Schmidt, Charles “Boss”

Arkansas native Charles “Boss” Schmidt was a baseball player whose minor and major league career spanned most of the first two decades of the twentieth century. His nickname was a tribute to the toughness he exhibited, especially in fights during his baseball career (with other ballplayers, including his Detroit Tigers teammate Ty Cobb) and during a brief stint as a boxer. Charles Schmidt was born on September 12, 1880, in London (Pope County)—some sources say Coal Hill (Johnson County)—to German immigrants John and Mary Schmidt. It is unclear how many siblings he had, but a younger brother, Walter, played professional baseball with the Pittsburgh Pirates. As a youth, Schmidt worked in the coal mines central to the region’s economy. While …

Smith, Harold Raymond (Hal)

Harold Raymond (Hal) Smith of Barling (Sebastian County) became the starting catcher for the St. Louis Cardinals in his rookie season, 1956, and held that position until a heart valve condition caused his retirement as a player in 1961. Playing in 570 games, Smith had a major league batting average of .258 and hit twenty-three home runs. Known for his rifle-shot throwing arm, Smith listed superstars Willie Mays, Hank Aaron, and Roberto Clemente—Baseball Hall of Fame members and the best base runners of the era—among his “thrown out trying to steal second” victims. Hal Smith was born on June 1, 1931, to Katherine and Ronald Smith, who operated a grocery and gas station along Highway 22; he had three sisters …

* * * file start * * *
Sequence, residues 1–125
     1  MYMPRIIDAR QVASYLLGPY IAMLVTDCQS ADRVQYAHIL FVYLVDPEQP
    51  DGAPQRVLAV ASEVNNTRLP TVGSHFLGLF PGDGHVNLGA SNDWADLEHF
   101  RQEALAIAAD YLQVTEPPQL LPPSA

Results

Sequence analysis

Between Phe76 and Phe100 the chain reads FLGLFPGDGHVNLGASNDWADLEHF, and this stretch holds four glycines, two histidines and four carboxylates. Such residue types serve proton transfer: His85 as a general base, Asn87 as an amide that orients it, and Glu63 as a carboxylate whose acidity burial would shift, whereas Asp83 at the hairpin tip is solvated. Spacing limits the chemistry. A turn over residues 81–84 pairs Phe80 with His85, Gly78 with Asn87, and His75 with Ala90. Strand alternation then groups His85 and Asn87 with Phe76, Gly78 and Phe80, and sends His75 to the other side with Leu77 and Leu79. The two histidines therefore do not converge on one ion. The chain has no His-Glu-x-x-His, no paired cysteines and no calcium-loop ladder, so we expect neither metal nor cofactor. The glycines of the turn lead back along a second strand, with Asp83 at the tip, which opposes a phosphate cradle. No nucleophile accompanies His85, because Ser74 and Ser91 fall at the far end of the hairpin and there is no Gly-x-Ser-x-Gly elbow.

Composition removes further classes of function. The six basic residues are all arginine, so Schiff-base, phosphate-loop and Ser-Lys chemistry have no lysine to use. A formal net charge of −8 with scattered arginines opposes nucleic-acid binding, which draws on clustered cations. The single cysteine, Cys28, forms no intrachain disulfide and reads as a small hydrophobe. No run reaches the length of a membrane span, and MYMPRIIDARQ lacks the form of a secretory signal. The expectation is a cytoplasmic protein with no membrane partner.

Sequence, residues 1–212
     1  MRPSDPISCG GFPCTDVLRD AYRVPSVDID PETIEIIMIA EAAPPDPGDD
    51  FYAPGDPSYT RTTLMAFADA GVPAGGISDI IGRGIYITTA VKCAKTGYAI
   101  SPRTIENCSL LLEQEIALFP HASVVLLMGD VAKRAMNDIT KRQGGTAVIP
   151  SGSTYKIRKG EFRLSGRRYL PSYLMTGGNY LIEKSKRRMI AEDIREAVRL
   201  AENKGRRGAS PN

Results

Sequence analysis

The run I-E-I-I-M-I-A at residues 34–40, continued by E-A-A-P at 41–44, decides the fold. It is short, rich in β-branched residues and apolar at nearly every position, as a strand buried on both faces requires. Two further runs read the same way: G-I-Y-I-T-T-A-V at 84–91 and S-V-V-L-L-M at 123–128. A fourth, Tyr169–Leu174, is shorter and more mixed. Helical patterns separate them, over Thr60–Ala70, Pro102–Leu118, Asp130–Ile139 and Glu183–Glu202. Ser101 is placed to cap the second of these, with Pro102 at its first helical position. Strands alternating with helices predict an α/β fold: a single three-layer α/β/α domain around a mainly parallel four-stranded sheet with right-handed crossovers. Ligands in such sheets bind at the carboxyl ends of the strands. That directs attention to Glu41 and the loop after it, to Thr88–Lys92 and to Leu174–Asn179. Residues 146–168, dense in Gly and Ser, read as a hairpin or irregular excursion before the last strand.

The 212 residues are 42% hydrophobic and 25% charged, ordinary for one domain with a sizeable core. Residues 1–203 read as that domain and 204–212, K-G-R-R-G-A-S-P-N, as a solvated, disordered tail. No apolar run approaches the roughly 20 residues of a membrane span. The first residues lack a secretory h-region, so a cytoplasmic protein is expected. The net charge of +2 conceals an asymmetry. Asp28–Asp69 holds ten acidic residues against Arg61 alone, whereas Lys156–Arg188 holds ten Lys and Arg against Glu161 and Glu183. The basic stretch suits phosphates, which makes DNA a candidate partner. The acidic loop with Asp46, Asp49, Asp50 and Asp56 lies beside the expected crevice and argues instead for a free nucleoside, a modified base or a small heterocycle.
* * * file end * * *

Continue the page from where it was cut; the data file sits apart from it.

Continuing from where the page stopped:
Speaker, Tristram E.

Tris Speaker was one of the greatest players in baseball history. Fast, smart, and strong-willed, he reveled in the fierce competition that characterized major league baseball in the early days. Elected in the second class of honorees and formally inducted at the inaugural ceremonies that marked the grand opening of the Baseball Hall of Fame in Cooperstown, New York, in 1939, Speaker was one of the most outstanding performers in baseball, going head to head with greats such as Ty Cobb and Babe Ruth. He was one of only a few players for the Arkansas Travelers who would be elected to the Hall of Fame. Tristram E. Speaker was born on April 4, 1888, in Hubbard, Texas. His father, Archie …

Surratt, Alfred “Slick”

Alfred “Slick” Surratt was a baseball player in the Negro Leagues in the late 1940s and early 1950s. After his playing career, he spent decades as a welder for the Ford Motor Company. He stayed involved in baseball, however, through his involvement in the creation and development of the Negro Leagues Baseball Museum in Missouri. Alfred Surratt was born on November 9, 1922, in Danville (Yell County). A baseball player from his earliest days, he moved to Kansas City, Missouri, to live with his father at the end of the eighth grade. Not yet twenty years old when the United States entered World War II, Surratt served in the South Pacific during the war but was able to continue playing …

Tri-State League

The Class D Tri-State League was established in 1925 and comprised teams in Arkansas, Mississippi, and Tennessee. In 1926, the league expanded into a fourth state, when Alabama’s Sheffield-Tuscumbia franchise joined the league. The National Association of Professional Baseball Leagues (NAPBL), the administrative agency of minor league baseball from 1901 to the present, sanctioned the league. At the time, the NAPBL’s classification structure ranged from Class A to D, with Class D being the lowest level of competition in professional baseball. Memphis, Tennessee, attorney John D. Martin was the league’s president for both seasons of its existence. Martin was an established minor league baseball executive and president of the Class A Southern League. The goal of the league was to …